Working with the Historic Fabric in 2014 – The Built Heritage Jobs Leverage Scheme


One of our current projects here at Dublin City Architects is the administration of the Built Heritage Jobs Leverage Scheme.  This scheme aims to assist the conservation of historic buildings and structures by providing both part funding and the expertise of local authorities. 

The scheme has a particular focus on small scale projects which require the know-how of skilled trades-people and conservation professionals.  This work attempts to preserve the character of historic buildings by making necessary repairs and improving energy performance where appropriate.  It is essential that the work carried out is sympathetic to the original structure, with a standard consistent with its original design and execution.

The scheme was limited to protected structures or those with protection pending.  Buildings which form part of an Architectural Conservation Area were also considered.  Dublin City Council received over 100 applications from which over 70 projects were chosen.  The nature and scale of these projects vary greatly.  Below is just a small sample of the work being carried to Dublin’s historic buildings in 2014.

Former Commercial Union Assistance Company Building, College Green

Victorian Sandstone Details, College Green

A picturesque composition in the largely classical College Green, this building makes use of its prominent location with two gabled fronts and a turret at the angle.  Its facade features an array of mullioned windows and a pointed ground floor arcade.  It was designed by the father son partnership of Thomas Manly Deane and Thomas Newenham Deane and completed in 1885.  It is currently undergoing work to its roof as part of the Built Heritage Jobs Leverage Scheme.

10 Mill Street

The former mansion as seen on Google Street-View, and during restoration works, 2014

Originally an 18th Century mansion, 10 Mill Street was converted into a school and mission in 1895. It terminates the vista of from Newmarket and is 3 storeys over basement in height and 5 bays wide.  Despite its severely dilapidated condition it does retain some 18th century features along with its remarkable Victorian pedimented gable and porch.  Repairs are currently being carried out to the structure of this building.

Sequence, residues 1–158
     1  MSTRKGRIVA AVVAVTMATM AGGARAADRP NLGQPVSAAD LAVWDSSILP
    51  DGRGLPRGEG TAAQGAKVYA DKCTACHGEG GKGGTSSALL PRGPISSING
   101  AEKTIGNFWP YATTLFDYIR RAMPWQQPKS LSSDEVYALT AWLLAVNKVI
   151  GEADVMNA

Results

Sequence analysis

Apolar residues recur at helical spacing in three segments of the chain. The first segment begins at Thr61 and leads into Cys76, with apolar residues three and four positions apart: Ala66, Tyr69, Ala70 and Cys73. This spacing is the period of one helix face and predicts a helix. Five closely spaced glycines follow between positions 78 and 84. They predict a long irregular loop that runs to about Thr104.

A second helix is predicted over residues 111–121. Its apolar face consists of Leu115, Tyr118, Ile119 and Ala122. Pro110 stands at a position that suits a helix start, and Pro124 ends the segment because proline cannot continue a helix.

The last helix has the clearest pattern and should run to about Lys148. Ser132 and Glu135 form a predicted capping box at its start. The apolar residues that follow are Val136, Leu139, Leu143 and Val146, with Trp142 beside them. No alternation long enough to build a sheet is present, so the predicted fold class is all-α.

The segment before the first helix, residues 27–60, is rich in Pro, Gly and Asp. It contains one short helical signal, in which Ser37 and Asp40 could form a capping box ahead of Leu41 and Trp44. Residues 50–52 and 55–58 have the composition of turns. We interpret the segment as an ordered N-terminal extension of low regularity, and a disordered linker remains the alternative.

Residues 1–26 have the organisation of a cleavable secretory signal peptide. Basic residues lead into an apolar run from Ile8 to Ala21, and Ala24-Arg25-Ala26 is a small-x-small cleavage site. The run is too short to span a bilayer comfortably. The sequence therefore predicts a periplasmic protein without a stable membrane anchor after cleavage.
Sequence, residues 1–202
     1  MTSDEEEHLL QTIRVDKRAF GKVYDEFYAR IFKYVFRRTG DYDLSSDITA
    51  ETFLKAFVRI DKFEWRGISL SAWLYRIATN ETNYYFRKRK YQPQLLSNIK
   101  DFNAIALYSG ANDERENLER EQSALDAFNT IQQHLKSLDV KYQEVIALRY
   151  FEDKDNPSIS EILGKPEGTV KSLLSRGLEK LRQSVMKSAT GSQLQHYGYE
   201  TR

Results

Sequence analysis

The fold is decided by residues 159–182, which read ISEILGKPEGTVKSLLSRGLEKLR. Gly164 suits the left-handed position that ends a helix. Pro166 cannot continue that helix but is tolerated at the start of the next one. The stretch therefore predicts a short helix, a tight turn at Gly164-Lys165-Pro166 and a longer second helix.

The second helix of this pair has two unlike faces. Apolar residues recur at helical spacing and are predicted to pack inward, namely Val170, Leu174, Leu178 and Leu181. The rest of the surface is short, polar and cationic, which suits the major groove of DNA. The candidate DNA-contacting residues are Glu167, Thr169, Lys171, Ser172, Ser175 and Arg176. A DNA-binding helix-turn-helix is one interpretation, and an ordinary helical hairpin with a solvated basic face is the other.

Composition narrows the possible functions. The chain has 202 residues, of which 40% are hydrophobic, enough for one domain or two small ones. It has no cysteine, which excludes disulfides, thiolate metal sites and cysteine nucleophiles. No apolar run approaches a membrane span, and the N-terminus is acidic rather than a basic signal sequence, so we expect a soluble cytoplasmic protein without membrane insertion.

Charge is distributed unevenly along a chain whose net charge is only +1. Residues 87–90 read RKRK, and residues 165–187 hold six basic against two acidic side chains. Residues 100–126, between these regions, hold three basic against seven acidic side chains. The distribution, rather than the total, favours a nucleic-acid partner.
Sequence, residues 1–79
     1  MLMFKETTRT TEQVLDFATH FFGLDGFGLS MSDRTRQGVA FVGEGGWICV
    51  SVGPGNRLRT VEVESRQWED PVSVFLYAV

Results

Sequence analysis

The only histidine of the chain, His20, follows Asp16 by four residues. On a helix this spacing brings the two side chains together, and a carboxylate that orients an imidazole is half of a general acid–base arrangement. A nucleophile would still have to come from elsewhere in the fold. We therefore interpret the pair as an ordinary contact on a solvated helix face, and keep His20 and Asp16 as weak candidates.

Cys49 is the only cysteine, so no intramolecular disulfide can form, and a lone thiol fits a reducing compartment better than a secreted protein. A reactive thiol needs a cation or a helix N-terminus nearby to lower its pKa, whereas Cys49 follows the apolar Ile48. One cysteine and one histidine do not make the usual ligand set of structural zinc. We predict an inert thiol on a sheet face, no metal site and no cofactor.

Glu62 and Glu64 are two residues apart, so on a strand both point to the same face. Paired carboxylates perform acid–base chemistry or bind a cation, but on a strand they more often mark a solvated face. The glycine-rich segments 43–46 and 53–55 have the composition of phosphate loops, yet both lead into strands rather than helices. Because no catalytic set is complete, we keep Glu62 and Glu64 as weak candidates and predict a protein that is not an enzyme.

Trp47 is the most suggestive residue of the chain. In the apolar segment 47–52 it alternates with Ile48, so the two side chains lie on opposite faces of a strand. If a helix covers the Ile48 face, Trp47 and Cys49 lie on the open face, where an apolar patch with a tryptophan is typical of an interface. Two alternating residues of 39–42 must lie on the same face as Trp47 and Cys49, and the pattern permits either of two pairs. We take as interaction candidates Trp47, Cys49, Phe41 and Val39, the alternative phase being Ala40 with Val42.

134 James Street

Part of James’ Street, from Google Street View.  Number 134 is the first building on the left.

James Street features a number of Georgian townhouses dating from the first half of the 18th century.  Although some are in poor condition, many display period features which have disappeared from other parts of the city.  The work to 134 James Street will focus on repairs to the timber joinery details on the building’s interior.

St Patrick’s Deanery, Kevin Street

The Gates at St Patrick’s Deanery, before and during repairs

Work is underway to repar the historic iron work at St Patrick’s Deanery which faces onto Kevin street.  These gates date from 1780 and show condsiderable artistry in their craftsmanship.  However,  their condition has deteriorated in recent years.  In order to carry out the neccessary works the gates must first be removed from the walls of the deanery.  Following this they are cleaned, restored and repainted as required.  This work is done using only traditional techniques and materials.

House at Rathgar

This detached house dates from the middle of the 19th century.  As with many Victorian buildings in the city it shows many exuberant details and finishes.  This is the case particularly with the roof and gables of this building.  Unfortunately, the house has been left derelict for some time.  As part of the Built Heritage Jobs Leverage Scheme work has begun on repairing this building.  Fittingly, this process began with work to secure and repair the roof of this property.